Biochemistry and Biotechnology
Wiley InterScience Backfile Collection 1832-2000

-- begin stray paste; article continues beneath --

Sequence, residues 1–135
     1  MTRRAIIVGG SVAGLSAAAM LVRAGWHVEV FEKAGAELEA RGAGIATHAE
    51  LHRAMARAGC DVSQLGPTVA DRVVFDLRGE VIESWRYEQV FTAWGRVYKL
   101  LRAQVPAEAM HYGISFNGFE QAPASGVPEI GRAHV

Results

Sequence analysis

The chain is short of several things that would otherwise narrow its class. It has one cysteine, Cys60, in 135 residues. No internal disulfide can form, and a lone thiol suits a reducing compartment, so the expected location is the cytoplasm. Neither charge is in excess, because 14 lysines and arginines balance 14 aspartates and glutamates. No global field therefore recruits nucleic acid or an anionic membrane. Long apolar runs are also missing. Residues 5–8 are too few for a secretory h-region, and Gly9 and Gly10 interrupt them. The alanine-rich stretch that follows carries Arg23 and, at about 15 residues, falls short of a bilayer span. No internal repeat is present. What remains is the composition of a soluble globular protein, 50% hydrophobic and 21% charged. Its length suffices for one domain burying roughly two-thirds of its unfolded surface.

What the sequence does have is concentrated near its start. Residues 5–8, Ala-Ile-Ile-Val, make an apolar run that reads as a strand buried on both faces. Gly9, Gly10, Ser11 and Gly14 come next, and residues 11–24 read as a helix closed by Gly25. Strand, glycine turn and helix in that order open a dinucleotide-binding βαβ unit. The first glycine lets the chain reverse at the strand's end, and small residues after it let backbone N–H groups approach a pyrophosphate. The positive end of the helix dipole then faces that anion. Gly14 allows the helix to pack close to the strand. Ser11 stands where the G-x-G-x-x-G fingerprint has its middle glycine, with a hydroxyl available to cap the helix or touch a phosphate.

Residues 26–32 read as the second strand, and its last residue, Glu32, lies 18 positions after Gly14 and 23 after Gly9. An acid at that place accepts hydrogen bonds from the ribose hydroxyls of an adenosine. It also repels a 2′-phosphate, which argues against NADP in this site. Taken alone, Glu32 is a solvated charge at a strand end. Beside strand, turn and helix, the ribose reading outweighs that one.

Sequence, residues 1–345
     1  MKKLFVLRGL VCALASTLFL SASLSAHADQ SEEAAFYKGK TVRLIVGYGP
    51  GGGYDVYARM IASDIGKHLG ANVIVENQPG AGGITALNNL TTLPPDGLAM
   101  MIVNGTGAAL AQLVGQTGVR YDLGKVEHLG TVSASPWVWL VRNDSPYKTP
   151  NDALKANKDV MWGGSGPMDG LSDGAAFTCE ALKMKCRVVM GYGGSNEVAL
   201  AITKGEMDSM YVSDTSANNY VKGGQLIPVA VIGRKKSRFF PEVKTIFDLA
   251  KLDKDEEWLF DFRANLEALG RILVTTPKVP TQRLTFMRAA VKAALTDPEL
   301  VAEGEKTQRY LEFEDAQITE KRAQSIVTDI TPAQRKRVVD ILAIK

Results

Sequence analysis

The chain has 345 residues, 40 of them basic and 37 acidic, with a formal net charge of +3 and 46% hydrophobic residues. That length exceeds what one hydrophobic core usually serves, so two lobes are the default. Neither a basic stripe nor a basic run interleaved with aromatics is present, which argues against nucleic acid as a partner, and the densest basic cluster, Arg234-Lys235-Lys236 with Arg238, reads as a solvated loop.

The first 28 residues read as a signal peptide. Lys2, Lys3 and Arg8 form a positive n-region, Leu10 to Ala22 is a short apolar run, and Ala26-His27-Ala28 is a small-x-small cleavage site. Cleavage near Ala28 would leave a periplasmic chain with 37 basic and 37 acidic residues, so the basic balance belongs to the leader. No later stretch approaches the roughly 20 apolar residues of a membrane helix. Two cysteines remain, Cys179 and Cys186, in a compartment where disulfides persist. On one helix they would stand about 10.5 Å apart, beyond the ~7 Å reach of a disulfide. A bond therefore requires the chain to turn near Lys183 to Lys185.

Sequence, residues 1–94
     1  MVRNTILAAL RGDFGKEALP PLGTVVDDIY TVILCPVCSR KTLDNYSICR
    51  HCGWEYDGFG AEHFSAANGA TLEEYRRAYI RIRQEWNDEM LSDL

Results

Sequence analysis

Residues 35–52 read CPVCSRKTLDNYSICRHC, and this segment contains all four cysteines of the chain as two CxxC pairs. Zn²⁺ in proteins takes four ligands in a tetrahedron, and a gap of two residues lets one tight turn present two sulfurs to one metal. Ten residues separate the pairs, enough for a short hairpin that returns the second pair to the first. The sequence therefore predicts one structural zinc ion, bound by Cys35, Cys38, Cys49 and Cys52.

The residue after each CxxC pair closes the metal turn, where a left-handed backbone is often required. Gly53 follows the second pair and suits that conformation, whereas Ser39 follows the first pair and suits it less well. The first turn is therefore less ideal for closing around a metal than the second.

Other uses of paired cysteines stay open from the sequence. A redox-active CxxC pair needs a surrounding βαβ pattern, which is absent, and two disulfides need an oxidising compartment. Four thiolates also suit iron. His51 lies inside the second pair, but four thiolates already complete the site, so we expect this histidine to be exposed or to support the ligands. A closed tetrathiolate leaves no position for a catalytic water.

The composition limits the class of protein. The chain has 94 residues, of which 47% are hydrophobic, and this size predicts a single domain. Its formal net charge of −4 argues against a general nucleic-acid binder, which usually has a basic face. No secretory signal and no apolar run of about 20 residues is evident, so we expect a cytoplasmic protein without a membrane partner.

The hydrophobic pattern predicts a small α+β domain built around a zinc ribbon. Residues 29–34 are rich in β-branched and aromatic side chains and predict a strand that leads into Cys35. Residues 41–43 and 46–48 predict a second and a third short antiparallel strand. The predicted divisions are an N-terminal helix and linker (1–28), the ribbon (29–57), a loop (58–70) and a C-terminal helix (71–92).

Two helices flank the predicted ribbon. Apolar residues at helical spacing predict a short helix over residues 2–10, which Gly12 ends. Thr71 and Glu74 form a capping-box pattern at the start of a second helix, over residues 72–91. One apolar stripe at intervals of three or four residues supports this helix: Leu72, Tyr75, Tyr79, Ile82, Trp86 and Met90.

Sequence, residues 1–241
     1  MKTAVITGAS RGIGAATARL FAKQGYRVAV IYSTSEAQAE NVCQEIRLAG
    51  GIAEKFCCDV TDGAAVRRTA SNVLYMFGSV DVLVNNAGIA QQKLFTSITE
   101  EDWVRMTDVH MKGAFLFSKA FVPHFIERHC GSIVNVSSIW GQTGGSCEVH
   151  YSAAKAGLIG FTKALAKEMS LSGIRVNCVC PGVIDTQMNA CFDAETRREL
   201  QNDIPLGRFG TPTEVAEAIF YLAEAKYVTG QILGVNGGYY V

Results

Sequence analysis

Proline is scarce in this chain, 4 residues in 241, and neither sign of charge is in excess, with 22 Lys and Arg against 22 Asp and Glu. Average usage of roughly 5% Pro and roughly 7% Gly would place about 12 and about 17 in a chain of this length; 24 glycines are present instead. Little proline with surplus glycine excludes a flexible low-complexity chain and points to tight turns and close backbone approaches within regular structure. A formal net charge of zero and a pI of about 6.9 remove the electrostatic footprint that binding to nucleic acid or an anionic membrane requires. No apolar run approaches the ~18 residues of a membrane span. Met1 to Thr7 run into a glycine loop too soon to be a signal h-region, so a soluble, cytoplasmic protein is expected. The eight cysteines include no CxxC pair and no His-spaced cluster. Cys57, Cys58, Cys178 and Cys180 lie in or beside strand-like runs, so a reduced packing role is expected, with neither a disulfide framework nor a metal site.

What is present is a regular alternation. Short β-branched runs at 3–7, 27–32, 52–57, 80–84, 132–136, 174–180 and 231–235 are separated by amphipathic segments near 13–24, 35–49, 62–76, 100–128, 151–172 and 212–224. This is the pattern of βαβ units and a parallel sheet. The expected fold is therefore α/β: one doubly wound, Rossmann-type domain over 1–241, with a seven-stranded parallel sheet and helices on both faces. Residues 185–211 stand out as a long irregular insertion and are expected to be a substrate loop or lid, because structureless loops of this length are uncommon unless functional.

The kinetics and dose-dependence of activation of human neutrophils exposed to sequential additions of the chemotactic peptide n-formyl-methionyl-leucyl-phenylalanine (fMLP) have been investigated by multiwell microplate assays. Treatment of neutrophils with medium-high doses (from 10-8 to 5 × 10-7 M) of fMLP caused activation of superoxide anion (O2-) production, but prevented further activation by a subsequent addition of an optimal dose (from 10-7 M to 5 × 10-7 M) of fMLP. These findings represent an example of cell desensitization, or adaptation. However, neutrophils treated with low, sub-stimulatory doses (from 10-10 to 5 × 10-9 M) of the peptide and then treated with optimal doses of fMLP exhibited an O2- production that was two to three-fold higher than that induced by the same optimal doses on untreated cells. A similar phenomenon of homologous priming of the oxidative metabolism of neutrophil has not previously been described or characterized. Priming was maximal after about 30 min of incubation with fMLP, which differed from desensitization, which required only a few minutes. Homologous priming was not confined to O2- production, but was also observed with the release of the granule enzyme, lysozyme. Low doses of fMLP were also capable of triggering an increase of intracellular free Ca2+ and of fMLP membrane receptors, which are possible mechanisms responsible for priming.
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